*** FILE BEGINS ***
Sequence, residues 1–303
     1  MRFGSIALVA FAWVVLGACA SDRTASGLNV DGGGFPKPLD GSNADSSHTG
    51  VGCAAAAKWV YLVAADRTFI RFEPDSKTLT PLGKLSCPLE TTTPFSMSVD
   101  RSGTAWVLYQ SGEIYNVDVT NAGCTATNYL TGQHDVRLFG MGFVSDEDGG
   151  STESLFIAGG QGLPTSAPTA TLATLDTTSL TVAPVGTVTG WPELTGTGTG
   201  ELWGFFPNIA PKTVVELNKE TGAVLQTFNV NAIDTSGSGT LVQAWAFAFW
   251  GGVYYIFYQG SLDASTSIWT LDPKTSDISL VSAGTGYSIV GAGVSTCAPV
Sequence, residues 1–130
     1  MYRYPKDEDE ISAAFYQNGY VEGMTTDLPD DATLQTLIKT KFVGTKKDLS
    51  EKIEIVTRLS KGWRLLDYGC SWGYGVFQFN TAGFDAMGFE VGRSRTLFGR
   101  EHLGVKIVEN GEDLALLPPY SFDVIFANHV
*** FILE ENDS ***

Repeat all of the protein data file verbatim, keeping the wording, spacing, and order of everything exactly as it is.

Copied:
Sequence, residues 1–303
     1  MRFGSIALVA FAWVVLGACA SDRTASGLNV DGGGFPKPLD GSNADSSHTG
    51  VGCAAAAKWV YLVAADRTFI RFEPDSKTLT PLGKLSCPLE TTTPFSMSVD
   101  RSGTAWVLYQ SGEIYNVDVT NAGCTATNYL TGQHDVRLFG MGFVSDEDGG
   151  STESLFIAGG QGLPTSAPTA TLATLDTTSL TVAPVGTVTG WPELTGTGTG
   201  ELWGFFPNIA PKTVVELNKE TGAVLQTFNV NAIDTSGSGT LVQAWAFAFW
   251  GGVYYIFYQG SLDASTSIWT LDPKTSDISL VSAGTGYSIV GAGVSTCAPV
Sequence, residues 1–130
     1  MYRYPKDEDE ISAAFYQNGY VEGMTTDLPD DATLQTLIKT KFVGTKKDLS
    51  EKIEIVTRLS KGWRLLDYGC SWGYGVFQFN TAGFDAMGFE VGRSRTLFGR
   101  EHLGVKIVEN GEDLALLPPY SFDVIFANHV